Frank Lloyd Wright, born in Wisconsin in 1867 to become the most distinctly famous American architect, left behind much for us to contemplate—least of all his thoughts on books. Championing his own horizontal “Prairie House” designs, Wright was insistent on the role of the machine in progressive design in the arts and crafts. From Chicago in 1901 he delivered a lecture called “The Art and Craft of the Machine”, in which he made his case for using the efficiency of technology to produce modernizing ideas and bring a new mode into style.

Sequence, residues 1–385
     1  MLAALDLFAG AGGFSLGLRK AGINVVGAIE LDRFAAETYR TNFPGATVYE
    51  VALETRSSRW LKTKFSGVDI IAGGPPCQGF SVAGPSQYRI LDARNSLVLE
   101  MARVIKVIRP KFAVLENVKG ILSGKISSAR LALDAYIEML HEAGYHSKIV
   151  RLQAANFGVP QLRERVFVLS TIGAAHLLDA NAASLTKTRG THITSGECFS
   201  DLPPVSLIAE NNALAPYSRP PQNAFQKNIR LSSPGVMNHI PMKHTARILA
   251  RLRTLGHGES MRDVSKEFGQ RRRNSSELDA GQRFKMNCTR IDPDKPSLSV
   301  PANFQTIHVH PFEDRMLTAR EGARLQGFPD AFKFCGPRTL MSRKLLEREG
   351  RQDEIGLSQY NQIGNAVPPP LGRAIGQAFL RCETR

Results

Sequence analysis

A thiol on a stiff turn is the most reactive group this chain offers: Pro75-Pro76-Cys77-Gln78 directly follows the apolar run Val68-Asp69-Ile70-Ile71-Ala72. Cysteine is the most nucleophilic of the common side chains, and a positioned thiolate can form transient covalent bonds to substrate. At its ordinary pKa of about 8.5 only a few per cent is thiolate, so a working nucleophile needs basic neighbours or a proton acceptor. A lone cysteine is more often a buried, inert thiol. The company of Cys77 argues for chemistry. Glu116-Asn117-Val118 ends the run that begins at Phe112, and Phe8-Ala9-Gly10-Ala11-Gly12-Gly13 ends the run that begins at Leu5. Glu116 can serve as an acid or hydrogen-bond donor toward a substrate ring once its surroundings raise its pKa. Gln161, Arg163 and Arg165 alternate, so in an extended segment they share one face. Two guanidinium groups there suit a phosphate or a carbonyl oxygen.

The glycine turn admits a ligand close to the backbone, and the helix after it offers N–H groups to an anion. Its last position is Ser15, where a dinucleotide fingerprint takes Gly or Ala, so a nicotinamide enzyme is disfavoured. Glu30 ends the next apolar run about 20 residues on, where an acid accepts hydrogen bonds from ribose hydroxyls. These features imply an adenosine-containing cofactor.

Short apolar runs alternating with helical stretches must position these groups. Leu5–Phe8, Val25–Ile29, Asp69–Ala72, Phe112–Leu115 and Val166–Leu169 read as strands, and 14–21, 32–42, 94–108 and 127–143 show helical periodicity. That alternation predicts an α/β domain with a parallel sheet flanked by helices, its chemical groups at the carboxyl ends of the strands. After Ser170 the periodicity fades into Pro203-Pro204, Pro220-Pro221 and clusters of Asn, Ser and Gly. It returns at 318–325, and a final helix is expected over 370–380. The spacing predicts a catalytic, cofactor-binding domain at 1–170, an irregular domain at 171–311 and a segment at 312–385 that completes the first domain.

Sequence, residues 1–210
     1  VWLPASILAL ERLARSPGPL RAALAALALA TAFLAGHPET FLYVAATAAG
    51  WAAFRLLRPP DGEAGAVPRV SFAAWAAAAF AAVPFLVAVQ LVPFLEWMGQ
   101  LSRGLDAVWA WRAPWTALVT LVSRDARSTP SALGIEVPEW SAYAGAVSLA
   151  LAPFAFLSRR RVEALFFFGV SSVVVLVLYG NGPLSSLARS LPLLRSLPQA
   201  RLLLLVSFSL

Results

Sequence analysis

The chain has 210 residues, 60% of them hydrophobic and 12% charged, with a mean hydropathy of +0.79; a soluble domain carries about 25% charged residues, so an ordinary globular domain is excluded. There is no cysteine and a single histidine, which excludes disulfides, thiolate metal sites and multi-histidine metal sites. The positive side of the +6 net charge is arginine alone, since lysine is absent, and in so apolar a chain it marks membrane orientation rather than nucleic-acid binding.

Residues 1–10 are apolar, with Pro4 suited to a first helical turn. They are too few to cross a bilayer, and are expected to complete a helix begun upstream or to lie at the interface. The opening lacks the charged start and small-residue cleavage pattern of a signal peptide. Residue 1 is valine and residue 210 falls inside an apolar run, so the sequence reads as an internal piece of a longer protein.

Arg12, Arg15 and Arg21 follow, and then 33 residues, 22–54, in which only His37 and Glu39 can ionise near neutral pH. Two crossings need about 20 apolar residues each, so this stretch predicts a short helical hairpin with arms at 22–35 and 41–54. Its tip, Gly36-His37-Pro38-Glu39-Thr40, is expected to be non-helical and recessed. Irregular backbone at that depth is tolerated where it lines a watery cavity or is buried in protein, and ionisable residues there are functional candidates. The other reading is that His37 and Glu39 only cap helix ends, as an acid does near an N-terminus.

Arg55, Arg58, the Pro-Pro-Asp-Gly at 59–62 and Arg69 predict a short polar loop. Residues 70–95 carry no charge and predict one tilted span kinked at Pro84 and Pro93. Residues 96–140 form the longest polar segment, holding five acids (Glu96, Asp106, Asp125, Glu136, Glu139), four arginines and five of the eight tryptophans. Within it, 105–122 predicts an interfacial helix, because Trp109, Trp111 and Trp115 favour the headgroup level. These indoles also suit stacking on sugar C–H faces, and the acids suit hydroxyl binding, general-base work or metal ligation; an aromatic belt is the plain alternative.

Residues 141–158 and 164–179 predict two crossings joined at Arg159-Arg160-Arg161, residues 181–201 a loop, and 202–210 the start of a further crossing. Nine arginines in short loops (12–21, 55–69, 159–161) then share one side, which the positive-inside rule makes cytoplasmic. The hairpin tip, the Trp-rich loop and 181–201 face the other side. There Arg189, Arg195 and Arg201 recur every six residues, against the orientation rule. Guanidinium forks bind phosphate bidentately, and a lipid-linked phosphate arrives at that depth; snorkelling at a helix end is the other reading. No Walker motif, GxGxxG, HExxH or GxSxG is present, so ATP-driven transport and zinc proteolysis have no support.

In discussing the lecture in his book Why Architecture Matters, Paul Goldberger suggests that “Wright was acting on the presumption that architecture was a form of communication, a radical thought indeed for 1901—architecture as media.” Wright argued that the easily-produced printed book, not even the printing press, was the first machine and had a profound and lasting effect on the role of architecture. Until Gutenberg, he said, architecture was civilization’s record, “the universal writing of humanity”; the iconic achievements were “great granite books.” Architecture, once supreme, was forced to adapt to this newer method of cultural production and survived by perpetuating itself through the work of architects who simply copied examples from the past. An extreme view, to be sure, but for his time, it was certainly in line with the Modernist advocates of novel creation, doing away with traditions of previous ages. It was the machine of the book that had once displaced architecture, but the machine aestheticism of modern design would give architecture its chance to reclaim its central role in society and begin anew the chronicle of human history. So labored Wright to transform the vision of American architecture.